Unhappy marriages may be deadly for men, according to a study published in the Journal of Clinical Medicine which found they were linked to higher mortality rates.
Researchers at Tel Aviv University analysed the health of almost 9,000 men over more than three decades and concluded that those who were dissatisfied with their marriages had a higher risk factor for strokes and other deaths.
The team behind the study have called for health officials to start promoting marriage therapy to mitigate the risks.
Researchers reviewed the health data of 8,945 Israeli men who were part of a previous mortality study which began in 1965.
The men were aged over 40 years old and worked in the civil service or other municipal roles and were asked to rank their marriages on a scale of one to four.
Men who gave their marriages the lowest score were 69 per cent more likely to die from a stroke, with a rate of 40.6 per 10,000 people, than those who gave their marriages the top score.
The group with the least successful marriages had a 19 per cent higher overall rate of rate than those with the most successful marriages.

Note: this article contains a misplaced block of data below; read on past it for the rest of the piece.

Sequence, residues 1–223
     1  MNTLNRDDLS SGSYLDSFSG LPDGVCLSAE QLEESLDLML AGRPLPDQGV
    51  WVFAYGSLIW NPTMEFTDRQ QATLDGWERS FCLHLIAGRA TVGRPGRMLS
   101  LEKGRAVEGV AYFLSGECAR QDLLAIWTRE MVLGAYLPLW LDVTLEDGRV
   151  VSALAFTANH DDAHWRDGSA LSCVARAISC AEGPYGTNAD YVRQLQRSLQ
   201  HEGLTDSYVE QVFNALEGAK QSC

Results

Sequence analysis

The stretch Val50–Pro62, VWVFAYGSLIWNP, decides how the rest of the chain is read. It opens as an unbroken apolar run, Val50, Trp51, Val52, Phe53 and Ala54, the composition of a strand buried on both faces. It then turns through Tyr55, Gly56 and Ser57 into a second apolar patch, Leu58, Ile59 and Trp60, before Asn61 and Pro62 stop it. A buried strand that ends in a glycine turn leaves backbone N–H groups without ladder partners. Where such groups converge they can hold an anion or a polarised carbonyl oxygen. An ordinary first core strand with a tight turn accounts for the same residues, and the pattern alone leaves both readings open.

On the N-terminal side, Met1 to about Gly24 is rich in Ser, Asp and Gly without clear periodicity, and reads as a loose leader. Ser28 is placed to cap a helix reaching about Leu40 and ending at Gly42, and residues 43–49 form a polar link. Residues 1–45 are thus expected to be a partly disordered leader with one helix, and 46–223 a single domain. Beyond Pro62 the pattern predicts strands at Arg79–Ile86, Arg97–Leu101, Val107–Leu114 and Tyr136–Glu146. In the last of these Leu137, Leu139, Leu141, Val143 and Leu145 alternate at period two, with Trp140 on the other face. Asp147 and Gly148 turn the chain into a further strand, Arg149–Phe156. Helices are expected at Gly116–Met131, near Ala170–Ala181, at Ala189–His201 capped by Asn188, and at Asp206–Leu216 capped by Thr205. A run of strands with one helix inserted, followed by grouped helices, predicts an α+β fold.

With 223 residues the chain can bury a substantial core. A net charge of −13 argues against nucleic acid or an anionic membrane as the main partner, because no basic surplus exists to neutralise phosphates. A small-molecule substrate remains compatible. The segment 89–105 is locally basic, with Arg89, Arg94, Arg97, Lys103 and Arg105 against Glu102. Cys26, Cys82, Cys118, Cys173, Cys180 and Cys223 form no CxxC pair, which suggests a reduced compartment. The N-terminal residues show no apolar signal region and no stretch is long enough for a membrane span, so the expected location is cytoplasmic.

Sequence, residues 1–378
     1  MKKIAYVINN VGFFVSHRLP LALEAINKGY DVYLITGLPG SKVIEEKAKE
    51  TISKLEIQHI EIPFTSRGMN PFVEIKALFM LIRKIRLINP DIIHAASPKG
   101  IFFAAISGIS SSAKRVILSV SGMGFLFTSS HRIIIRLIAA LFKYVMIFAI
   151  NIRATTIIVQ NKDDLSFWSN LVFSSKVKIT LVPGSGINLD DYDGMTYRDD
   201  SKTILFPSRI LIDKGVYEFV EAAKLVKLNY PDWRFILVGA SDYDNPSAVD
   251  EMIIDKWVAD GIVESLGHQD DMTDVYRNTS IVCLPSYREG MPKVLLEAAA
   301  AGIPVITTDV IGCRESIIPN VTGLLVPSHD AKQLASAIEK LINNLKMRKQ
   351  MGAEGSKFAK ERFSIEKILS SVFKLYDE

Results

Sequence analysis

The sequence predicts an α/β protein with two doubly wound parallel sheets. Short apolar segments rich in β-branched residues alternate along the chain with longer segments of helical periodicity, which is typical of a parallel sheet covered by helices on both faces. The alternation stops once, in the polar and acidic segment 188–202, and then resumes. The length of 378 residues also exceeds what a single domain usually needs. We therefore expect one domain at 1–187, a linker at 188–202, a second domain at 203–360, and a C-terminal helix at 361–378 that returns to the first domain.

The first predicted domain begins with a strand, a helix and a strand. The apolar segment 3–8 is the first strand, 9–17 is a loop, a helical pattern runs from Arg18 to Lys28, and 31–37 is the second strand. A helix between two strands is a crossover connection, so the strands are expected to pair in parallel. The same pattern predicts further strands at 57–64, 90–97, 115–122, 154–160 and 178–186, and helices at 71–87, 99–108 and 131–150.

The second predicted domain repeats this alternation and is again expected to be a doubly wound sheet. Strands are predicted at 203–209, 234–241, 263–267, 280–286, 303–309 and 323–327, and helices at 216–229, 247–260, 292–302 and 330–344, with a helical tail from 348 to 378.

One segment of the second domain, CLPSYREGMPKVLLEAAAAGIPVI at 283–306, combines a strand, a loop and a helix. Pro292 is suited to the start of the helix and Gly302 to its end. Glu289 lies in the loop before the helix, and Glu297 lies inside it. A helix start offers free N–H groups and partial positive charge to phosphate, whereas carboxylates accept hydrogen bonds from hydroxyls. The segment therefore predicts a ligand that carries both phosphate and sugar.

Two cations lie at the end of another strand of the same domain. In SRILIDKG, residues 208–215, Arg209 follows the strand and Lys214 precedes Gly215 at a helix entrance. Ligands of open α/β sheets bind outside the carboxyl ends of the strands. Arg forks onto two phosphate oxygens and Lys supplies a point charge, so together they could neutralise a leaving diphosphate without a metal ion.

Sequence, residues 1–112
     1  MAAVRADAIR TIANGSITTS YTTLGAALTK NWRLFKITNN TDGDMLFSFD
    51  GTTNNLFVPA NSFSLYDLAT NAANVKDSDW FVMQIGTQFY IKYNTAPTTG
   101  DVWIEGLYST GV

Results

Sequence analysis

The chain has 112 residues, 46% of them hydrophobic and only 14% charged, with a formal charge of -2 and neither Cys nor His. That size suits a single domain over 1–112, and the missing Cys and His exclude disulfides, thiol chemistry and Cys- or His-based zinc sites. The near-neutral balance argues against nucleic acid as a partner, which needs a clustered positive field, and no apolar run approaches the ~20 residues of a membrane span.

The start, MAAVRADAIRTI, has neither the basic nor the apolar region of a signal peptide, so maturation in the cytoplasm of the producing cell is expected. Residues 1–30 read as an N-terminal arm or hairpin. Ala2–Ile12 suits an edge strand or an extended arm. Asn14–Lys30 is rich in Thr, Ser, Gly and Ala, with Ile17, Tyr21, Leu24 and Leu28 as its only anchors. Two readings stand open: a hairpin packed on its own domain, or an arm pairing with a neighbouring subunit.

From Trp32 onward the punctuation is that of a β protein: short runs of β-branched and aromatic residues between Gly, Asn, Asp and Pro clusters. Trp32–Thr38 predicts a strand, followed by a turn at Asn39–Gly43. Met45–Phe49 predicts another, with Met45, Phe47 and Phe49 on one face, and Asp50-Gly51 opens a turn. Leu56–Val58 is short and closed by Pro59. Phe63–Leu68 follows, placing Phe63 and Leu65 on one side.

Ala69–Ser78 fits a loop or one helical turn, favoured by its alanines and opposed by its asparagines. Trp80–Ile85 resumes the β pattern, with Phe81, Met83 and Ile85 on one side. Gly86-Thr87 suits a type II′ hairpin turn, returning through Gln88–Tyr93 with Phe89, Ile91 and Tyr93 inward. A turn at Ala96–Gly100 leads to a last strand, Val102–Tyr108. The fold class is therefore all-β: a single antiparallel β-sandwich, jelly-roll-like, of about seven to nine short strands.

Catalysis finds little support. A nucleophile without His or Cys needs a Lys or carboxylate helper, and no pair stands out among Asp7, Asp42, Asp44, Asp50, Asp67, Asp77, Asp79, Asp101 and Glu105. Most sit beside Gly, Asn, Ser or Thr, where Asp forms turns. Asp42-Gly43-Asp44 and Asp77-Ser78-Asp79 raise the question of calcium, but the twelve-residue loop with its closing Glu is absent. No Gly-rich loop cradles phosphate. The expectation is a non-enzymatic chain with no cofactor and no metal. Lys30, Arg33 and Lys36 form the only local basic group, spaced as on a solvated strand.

Younger men fare worse
The researchers also discovered that the rate of mortality for those younger than 50 years old was significantly higher, 39.4 per cent, in the group of men who were least satisfied with their marriages. A less dramatic increase of 6.5 per cent was seen in older participants.
“What we found, which is surprising, is that dissatisfaction among men with their marriage is a risk factor for death, of a similar magnitude to smoking, or men failing to exercise,” Dr Shahar Lev-Ari, the study’s lead researcher, told The Times of Israel.
Dr Lev-Ari said he had decided to revisit the data from the 1965 study because researchers today have a greater understanding of the links between psychological wellbeing and physical health.
“We found that their marriage satisfaction at the start of the study was actually a predictive factor for death in general and for death by strokes,” he said.
In the study, researchers concluded that the increased long-term risk of mortality “was of a similar order of magnitude to those determined for established risk factors (smoking and leisure-time physical activity) for all-cause mortality”.
“Assessing marital satisfaction and appraising the health benefits of marital education programmes for young couples should therefore be implemented as part of health promotion strategies for the general population,” they wrote.